It’s no big secret that children’s knowledge about death and the way they respond to it vary by age and their developmental level. It’s important to keep this in mind when you’re listening to your child express their thoughts and feelings. Some thoughts that may sound unusual to us (as adults) are actually normal for a child at certain ages; there is generally no reason to be concerned about these kinds of thoughts. It’s a good idea to learn what responses are common at your child’s age.
Also, recognize that there is no grief “timeline.” There is no set order to what people feel; there is no “normal” amount of time to grieve. You might notice your child continuing to experience “pangs” of grief even after a period of time during which their grief has lessened. This is normal.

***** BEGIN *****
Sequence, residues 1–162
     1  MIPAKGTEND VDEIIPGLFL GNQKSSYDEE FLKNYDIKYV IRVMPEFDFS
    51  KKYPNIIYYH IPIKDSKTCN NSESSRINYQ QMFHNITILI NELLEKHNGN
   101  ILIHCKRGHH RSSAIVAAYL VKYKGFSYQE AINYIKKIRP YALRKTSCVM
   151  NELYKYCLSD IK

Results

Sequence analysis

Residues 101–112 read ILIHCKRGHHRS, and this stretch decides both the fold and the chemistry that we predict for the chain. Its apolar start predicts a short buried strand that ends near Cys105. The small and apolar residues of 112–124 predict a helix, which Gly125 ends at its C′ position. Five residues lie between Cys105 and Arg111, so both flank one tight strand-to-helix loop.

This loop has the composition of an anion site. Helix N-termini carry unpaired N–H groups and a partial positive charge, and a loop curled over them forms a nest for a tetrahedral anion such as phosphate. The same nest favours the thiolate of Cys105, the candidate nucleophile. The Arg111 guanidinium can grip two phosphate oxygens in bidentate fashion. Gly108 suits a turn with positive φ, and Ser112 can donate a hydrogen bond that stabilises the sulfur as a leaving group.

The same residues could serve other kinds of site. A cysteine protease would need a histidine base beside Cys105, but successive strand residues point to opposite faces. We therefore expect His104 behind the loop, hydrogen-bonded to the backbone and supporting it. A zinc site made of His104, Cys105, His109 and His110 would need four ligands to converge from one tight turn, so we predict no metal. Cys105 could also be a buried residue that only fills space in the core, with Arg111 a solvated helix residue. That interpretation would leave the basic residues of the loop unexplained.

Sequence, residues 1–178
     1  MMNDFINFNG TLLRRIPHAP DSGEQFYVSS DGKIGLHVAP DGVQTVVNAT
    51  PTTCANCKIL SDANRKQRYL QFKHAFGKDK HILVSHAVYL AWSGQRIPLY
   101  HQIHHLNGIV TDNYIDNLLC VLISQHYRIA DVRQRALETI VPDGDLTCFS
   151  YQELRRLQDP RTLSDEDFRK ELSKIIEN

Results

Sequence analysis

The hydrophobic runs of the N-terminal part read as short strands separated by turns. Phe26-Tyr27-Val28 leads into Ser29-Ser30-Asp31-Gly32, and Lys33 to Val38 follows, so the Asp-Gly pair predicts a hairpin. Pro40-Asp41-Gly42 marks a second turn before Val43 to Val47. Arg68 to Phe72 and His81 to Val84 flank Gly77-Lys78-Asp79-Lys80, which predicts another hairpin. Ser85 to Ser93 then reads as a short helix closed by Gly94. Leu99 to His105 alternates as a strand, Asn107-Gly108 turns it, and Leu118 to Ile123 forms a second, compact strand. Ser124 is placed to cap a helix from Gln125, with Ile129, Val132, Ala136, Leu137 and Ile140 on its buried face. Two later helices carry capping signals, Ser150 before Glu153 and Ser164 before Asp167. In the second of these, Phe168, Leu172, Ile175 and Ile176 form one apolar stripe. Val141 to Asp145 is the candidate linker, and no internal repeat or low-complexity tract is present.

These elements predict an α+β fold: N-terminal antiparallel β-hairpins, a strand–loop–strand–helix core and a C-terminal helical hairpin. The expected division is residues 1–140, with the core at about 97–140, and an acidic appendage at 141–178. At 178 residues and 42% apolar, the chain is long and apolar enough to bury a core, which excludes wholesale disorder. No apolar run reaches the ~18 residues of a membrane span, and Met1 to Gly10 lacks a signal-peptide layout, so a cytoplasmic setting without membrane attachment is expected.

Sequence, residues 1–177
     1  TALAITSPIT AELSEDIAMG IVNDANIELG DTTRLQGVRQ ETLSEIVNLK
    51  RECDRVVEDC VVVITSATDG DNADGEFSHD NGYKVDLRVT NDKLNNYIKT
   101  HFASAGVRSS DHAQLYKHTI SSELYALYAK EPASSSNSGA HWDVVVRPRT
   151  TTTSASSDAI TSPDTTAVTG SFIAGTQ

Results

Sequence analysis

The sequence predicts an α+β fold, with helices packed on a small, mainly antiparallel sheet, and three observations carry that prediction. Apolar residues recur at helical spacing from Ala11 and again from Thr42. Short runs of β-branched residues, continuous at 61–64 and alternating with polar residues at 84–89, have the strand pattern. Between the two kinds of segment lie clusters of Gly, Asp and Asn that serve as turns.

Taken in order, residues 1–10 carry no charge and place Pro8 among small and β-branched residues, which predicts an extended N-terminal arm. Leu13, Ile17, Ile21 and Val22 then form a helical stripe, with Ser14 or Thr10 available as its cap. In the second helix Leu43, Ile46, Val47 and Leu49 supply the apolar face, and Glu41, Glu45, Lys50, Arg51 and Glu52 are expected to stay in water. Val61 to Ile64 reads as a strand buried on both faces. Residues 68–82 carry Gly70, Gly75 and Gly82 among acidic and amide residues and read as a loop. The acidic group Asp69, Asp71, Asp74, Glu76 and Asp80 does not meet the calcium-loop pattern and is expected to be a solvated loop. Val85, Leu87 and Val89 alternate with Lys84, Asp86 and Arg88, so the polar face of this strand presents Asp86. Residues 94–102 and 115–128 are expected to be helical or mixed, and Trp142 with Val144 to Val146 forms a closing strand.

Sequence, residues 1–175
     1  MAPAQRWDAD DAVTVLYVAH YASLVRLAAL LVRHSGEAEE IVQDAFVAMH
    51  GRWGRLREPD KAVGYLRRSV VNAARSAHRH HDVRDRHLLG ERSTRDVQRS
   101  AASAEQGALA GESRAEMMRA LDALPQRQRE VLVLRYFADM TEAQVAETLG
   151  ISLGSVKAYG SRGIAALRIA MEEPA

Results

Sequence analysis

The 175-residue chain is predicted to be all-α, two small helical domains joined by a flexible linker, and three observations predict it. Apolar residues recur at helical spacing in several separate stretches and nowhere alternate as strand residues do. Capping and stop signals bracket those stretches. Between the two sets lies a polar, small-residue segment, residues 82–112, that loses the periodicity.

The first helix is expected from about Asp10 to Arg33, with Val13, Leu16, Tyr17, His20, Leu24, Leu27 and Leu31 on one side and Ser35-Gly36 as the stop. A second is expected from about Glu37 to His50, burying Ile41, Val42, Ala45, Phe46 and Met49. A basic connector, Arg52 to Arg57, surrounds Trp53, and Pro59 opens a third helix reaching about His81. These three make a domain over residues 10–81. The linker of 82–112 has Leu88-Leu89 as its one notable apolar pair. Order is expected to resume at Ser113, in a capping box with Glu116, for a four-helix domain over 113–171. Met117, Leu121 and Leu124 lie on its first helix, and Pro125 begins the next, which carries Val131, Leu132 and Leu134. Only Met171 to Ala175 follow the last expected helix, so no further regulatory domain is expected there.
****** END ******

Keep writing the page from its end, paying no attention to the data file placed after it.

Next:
Make Sure Your Kids Feel a Sense of Safety
Depending on the circumstances of the death, help your child by reassuring them that you will do whatever is possible to keep them safe. Again, depending on the circumstances, children may benefit from learning how to stay safe themselves by developing a safety plan.
Common Terms to Use When Talking to Your Child About Death
Like I said earlier, kids receive a LOT of confusing messages about death. Most people typically don’t even like to use the words “death,” “dying,” or “dead;” instead we use words to disguise death. While these terms (such as “passed away”) are intended to protect our kids from the reality of death, they can contribute to children’s confusion. Younger kid in particular aren’t yet able to understand that when people die, it’s forever, that they can’t come back to life, and that everyone will eventually die someday.
The most important thing you can do for your child during difficult times like grieving is to be honest and direct. Use language that is accurate and of course, appropriate to the child’s age.